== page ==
Food Analytical Methods

, Volume 12, Issue 2, pp 581–594 | Cite as

Non-chromatographic Speciation of Inorganic Arsenic in Rice by Hydride Generation Inductively Coupled Plasma Optical Emission Spectrometry

  • Maja WelnaEmail author
  • Pawel Pohl
  • Anna Szymczycha-Madeja
Open Access


Simple, straightforward non-chromatographic method for inorganic arsenic (i-As) determination in rice using species-selective hydride generation (HG) combined with inductively coupled plasma optical emission spectrometry (ICP OES) without prior separation of methylated organoarsenicals (o-As) before measurements was developed and fully validated. i-As [As(III,V)] and o-As (DMA, MMA) species were extracted in aqua regia that oxidized As(III) to As(V), while integrity of both o-As forms was preserved. Arsenic hydrides from i-As were generated in reaction with NaBH4 (1%) in strong acidic conditions (10 mol L−1 HCl) after pre-reduction of As(V) to As(III) in a KI (0.5%)-ascorbic acid (2%)-HCl (3 mol L−1) mixture. Reactivity of As species toward HG under conditions of a rice matrix was investigated in order to improve detectability and selectivity of i-As when o-As coexists. Interferences related to contribution of DMA and MMA to the As signal recorded for i-As were pointed out. Limitations of the method for DMA and matrix effects for MMA were found advantageous to selectively measure i-As by HG-ICP OES. No matrix effects on i-As allowed to use external calibration for its quantification. Detection limit of 0.28 ng g−1 (5.6 ng g−1 in original sample), precision < 5%, and adequate accuracy (96.5–103.9%), verified by the analyte recovery study, were achieved. Applicability of the method was demonstrated by i-As determination in nine brown rice samples. Its concentrations found along with the percentage of i-As to total As (obtained after microwave digestion and HG-ICP OES detection) were similar with these reported for this type of rice.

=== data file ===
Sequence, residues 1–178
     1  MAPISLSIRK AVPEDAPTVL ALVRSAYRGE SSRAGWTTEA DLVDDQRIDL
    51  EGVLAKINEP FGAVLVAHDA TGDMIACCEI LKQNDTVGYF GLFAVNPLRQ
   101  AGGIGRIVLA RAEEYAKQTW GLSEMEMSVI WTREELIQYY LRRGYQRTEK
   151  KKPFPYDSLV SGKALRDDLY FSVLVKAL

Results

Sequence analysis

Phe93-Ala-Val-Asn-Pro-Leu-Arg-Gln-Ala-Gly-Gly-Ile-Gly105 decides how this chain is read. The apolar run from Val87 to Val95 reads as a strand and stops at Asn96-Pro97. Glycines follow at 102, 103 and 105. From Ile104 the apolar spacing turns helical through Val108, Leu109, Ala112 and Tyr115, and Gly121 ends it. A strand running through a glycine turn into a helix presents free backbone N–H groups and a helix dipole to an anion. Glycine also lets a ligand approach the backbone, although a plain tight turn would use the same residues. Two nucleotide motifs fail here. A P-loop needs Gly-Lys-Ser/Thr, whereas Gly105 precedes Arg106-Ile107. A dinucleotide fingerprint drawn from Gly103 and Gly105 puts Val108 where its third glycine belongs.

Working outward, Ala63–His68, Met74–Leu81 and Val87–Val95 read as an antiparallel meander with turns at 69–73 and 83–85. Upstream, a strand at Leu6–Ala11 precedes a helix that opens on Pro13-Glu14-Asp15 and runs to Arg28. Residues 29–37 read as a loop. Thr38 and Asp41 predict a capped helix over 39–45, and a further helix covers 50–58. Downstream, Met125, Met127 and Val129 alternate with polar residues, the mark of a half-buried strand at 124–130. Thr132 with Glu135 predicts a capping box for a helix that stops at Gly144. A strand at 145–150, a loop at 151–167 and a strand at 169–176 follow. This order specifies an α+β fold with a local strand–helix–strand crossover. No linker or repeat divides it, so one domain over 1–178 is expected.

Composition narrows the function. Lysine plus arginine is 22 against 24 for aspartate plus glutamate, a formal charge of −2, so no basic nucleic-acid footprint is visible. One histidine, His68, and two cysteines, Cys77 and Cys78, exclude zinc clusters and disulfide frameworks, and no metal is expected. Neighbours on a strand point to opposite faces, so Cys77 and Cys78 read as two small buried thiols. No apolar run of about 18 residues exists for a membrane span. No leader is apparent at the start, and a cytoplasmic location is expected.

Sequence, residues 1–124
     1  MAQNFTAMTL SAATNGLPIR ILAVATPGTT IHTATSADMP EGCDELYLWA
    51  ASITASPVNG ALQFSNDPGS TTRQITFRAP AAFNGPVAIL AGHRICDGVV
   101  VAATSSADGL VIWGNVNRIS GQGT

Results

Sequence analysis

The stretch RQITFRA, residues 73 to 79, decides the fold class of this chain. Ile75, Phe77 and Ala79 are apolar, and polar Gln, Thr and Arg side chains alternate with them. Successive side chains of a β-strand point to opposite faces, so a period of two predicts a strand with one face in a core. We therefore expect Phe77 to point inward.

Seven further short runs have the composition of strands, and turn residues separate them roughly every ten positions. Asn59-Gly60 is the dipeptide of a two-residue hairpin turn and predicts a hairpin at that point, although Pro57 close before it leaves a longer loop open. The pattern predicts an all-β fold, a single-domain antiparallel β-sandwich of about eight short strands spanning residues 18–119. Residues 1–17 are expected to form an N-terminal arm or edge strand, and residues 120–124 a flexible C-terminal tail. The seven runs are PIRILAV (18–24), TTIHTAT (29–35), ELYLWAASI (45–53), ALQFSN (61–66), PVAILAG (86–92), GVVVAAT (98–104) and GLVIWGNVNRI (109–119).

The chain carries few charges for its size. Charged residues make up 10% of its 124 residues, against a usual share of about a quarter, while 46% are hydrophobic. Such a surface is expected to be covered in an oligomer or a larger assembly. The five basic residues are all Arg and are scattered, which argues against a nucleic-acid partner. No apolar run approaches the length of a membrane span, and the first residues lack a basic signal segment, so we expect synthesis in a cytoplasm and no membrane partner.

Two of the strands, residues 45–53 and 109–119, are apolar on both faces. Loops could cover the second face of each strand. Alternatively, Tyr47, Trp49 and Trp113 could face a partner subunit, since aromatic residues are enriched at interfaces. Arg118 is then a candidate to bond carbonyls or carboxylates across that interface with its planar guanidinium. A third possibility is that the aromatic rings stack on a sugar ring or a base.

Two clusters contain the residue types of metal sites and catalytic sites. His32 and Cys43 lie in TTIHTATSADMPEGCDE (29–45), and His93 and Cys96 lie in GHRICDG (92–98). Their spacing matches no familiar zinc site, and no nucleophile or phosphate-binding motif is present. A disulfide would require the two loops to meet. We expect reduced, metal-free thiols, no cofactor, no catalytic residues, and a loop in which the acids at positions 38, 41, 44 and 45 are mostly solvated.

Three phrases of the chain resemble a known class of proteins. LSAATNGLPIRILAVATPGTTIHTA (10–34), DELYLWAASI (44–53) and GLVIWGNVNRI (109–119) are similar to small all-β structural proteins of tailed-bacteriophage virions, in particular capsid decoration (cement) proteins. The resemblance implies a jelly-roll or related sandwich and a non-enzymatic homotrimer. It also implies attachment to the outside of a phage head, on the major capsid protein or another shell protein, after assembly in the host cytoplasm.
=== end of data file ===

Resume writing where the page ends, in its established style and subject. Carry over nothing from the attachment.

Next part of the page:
Rice Inorganic As Organic As Non-chromatographic speciation Hydride generation ICP OES 


Although rice constitutes a staple food product for half of the world’s population due to its nutritive properties and health benefits, much interest with this food product comes from a toxicological point of view, because a rice plant can easily accumulate As into grains (Sommella et al. 2013). Toxicity of As depends on its individual species and four potentially toxic As forms, i.e., inorganic arsenicals (i-As), namely arsenite and arsenate [As(III,V)], in addition to methylated compounds, i.e., o-As, represented by dimethylarsenate and monomethylarsonate (DMA, MMA) are present in rice. Their levels are variable but i-As and DMA are predominant species (Huang et al. 2015; Narukawa et al. 2014; Nishimura et al. 2010; Raber et al. 2012). Nevertheless, despite being recognized as the minor organic form of As in rice, MMA has also been determined at very low concentrations, i.e., < 30 ng g−1 of dry weight (d.w.) (Huang et al. 2015; Petursdottir et al. 2014; Raber et al. 2012). Inorganic As, recognized as a class 1 non-threshold carcinogen, is considered much more toxic than o-As compounds; therefore, rice is the main contributor to the i-As intake among other agricultural products. Interestingly, i-As is typically found in rice produced in Asia, while DMA dominates in rice from USA. Hence, rice can be categorized into DMA (DMA > i-As) and i-As (i-As > DMA) types, and it is suggested that the DMA type is of lower risk to health (Zavala et al. 2008). Therefore, besides the total As content (t-As), knowledge regarding As species in rice, particularly hazardous i-As, is crucial to understand potential harmful effects of this foodstuff to humans. Consequently, methodologies for selective determination of i-As in rice are of a special interest. The most common speciation approach employs chromatographic separation of As species by high-performance liquid chromatography (HPLC), followed by their quantification using inductively coupled plasma mass spectrometry (ICP-MS). At present, HPLC-ICP-MS hyphenated systems, although expensive, are undoubtedly favored for As speciation analysis (Kubachka et al. 2012).